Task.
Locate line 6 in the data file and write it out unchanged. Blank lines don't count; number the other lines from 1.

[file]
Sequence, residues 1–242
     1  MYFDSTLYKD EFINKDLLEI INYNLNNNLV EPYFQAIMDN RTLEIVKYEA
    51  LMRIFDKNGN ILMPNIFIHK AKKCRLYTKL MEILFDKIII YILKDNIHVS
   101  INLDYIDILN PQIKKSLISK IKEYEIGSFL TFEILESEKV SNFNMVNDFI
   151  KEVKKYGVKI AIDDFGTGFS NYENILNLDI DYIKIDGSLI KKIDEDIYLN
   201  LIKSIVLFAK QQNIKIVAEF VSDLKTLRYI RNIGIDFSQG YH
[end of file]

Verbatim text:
   201  LIKSIVLFAK QQNIKIVAEF VSDLKTLRYI RNIGIDFSQG YH